In her new biography, Influencing Hemingway: The People and Places That Shaped His Life and Work, Nancy W. Sindelar introduces the reader to the individuals who played significant roles in Hemingway’s development as both a man and as an artist. Sindelar ranks the fiction works of Hemingway.
Ernest Hemingway created memorable characters in his short stories and novels by drawing on real people—parents, friends, and fellow writers, among others. He also drew on real places and events to create settings and engaging plots. Whether revisiting the Italian front in A Farewell to Arms, recounting a Pamplona bull run in The Sun Also Rises, or depicting a Cuban fishing village in The Old Man and the Sea, Hemingway relied on his personal experiences, friendships and observations for the content of his work.
Since Hemingway’s works reflect interests and adventures at different stages of his life, creating a ranking for his fiction is difficult. However, the following ranks his most broadly acclaimed works and comments on their contribution to the Hemingway legacy.
1. The Sun Also Rises - Hemingway’s first novel is at the top of my list because it reflects his reliance on his traditional Midwestern values as he encountered new experiences and values in post-World War I Europe. Using friends and acquaintances that populated the cafes along Boulevard Montparnasse in Paris, he reveals his concern about the valueless life of these Lost Generation characters and begins his personal and literary search for meaning in what appears to be a godless world. In the midst of their heavy drinking and meaningless revelry during a fiesta in Spain, Pedro Romero, the matador, becomes a hero. He conducts himself with honor and courage, and it is here we see the beginnings of what will become the Hemingway Code.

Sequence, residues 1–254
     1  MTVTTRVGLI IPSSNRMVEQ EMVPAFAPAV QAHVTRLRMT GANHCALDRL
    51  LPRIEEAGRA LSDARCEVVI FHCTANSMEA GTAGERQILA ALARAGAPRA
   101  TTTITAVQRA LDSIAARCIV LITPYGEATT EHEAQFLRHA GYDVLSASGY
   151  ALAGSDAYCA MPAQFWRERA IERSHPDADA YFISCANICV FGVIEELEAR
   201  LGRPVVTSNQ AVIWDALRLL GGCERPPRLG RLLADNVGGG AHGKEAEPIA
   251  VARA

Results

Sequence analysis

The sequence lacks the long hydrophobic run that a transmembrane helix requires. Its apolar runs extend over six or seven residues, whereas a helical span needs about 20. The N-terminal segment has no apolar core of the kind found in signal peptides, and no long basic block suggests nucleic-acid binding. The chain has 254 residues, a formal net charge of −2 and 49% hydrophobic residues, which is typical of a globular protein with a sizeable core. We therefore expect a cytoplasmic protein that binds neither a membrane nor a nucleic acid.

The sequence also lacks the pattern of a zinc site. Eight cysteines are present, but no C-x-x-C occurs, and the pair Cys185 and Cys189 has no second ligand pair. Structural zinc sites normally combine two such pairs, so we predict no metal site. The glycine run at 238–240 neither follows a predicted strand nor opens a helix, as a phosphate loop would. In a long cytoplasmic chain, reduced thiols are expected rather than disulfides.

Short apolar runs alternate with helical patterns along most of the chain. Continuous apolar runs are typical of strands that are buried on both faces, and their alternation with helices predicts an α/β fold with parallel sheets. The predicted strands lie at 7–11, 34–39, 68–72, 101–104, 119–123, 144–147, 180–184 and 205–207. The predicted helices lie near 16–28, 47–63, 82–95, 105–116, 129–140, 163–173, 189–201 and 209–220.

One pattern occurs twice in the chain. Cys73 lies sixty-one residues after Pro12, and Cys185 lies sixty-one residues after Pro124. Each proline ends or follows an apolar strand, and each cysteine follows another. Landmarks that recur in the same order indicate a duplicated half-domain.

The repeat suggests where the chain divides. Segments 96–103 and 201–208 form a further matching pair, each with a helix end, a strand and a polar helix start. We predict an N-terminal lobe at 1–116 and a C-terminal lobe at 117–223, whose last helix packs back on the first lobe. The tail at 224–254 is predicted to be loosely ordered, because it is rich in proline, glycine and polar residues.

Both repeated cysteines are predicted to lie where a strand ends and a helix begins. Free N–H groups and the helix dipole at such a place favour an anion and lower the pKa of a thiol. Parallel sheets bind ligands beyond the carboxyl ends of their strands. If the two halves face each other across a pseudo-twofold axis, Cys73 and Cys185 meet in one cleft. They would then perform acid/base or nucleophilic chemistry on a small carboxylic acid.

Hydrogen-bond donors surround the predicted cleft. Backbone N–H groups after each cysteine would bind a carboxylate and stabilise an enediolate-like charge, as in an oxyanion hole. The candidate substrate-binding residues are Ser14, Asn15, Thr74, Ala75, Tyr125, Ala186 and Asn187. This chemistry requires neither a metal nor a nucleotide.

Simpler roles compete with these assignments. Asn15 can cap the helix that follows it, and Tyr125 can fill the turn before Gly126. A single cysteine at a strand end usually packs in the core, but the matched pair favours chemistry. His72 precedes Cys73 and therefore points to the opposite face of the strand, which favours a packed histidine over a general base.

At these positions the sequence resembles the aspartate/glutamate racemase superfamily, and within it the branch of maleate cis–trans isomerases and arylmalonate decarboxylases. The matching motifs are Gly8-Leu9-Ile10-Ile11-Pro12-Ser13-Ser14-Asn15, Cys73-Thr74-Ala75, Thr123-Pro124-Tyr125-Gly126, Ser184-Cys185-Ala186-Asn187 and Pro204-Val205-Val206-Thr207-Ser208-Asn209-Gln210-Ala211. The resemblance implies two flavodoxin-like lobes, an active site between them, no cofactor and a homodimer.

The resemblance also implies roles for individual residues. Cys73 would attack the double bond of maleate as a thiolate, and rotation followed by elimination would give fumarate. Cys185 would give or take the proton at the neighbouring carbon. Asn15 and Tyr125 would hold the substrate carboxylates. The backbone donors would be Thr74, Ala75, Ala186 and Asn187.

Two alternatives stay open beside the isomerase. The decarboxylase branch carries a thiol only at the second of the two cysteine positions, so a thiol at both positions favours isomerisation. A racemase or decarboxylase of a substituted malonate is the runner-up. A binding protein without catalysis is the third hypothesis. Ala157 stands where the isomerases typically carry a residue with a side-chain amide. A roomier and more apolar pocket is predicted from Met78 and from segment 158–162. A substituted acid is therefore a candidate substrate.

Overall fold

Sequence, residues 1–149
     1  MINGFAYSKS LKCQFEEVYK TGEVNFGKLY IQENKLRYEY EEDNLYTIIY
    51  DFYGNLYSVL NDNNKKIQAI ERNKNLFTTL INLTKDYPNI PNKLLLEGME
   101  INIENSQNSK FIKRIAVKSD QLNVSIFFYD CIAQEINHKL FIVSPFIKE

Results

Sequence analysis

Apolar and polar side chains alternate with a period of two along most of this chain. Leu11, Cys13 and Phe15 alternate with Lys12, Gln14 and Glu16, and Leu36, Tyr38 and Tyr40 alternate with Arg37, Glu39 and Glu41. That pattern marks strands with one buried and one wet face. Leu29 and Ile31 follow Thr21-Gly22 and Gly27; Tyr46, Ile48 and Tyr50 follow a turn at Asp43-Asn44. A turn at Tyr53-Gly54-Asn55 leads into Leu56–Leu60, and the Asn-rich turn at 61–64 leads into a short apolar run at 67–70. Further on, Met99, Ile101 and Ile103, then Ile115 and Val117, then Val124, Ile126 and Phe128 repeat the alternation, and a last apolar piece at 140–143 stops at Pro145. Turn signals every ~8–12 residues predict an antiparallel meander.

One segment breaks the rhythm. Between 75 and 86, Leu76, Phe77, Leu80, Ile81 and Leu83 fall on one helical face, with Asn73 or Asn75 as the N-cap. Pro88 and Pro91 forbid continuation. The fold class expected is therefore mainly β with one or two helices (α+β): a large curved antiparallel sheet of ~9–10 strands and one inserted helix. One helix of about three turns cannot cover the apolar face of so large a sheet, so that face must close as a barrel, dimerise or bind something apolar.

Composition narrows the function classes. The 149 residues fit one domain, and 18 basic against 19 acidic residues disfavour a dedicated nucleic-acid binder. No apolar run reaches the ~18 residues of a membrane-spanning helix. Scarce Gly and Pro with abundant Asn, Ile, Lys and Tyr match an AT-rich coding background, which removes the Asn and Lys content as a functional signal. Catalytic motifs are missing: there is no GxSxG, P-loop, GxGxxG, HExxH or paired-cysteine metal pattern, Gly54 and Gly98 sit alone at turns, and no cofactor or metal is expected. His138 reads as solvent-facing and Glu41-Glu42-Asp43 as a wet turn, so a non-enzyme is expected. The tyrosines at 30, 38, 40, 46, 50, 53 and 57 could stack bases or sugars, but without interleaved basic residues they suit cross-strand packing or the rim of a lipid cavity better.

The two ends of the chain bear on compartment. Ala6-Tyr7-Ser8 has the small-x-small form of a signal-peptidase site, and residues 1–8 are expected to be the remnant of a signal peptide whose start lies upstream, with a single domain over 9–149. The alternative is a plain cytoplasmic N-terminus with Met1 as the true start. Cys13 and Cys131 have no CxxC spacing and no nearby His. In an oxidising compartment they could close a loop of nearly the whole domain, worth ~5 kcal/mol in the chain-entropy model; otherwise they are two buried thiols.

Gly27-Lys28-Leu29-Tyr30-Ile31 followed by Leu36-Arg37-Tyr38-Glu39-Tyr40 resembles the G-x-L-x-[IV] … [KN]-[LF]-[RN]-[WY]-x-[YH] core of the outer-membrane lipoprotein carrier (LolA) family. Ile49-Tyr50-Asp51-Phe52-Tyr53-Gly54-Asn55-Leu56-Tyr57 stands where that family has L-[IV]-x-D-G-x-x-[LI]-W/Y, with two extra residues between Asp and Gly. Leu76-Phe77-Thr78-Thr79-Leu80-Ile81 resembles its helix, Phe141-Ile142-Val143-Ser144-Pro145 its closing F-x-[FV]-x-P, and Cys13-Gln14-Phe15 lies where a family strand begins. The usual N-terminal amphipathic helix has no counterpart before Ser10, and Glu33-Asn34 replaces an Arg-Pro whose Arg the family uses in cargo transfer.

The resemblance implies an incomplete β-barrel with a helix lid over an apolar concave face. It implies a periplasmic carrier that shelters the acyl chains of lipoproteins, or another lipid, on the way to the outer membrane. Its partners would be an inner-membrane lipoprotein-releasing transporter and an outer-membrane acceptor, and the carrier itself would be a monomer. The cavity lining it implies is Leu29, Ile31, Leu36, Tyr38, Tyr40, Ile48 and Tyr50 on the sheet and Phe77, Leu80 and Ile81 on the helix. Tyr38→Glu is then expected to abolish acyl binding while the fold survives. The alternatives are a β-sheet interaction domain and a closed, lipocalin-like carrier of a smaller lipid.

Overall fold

The book also tops my list because it reveals Hemingway’s courageous attempt to write in a new and different way by portraying the bad and the ugly as well as the beautiful. Though The Sun Also Rises was well received by the critics, it was not well received by Hemingway’s acquaintances who saw themselves portrayed as self-indulgent, alcoholic and sexually promiscuous in his unflattering, but honest, characterizations. Nor was it well received by his mother, who said he had produced “one of the filthiest books of the year.”
2. A Farewell to Arms - Hemingway’s second novel is a high on my list because it is the fictional account of events that changed and informed his world view. When Hemingway left the security of the Midwest and went to Italy looking for adventure as an ambulance driver in World War I, he got more than he had bargained for. The idealistic Midwesterner joined the war to end all wars, ready to display honor and courage, but was blown up in a trench. Then he fell in love, contemplated marriage and was rejected by the woman he loved. His confrontation with death, his subsequent wound, and his first experience with love all became catalysts for developing a code of behavior for facing life’s challenges.
A Farewell to Arms was the fictional result of Hemingway’s experiences in Italy and initiates what would become one of the most dominant themes in his novels, the confrontation of death. Though Catherine Barkley’s character seems dated to contemporary female readers, the book still demonstrates that Hemingway used what he learned in Italy to show that war brings out the best and worst in men and women.
3. The Old Man and the Sea - After the unsuccessful reception to Across the River and into the Trees, Hemingway wrote his Pulitzer Prize winning novel to defend his reputation as a writer. Based on his experiences in Cuba, he created a character of an old fisherman. Alone in a skiff, the old man catches a great marlin, only to have it destroyed by sharks. The old man, who had been a champion arm-wrestler and a successful fisherman, was, like Hemingway, trying for a comeback.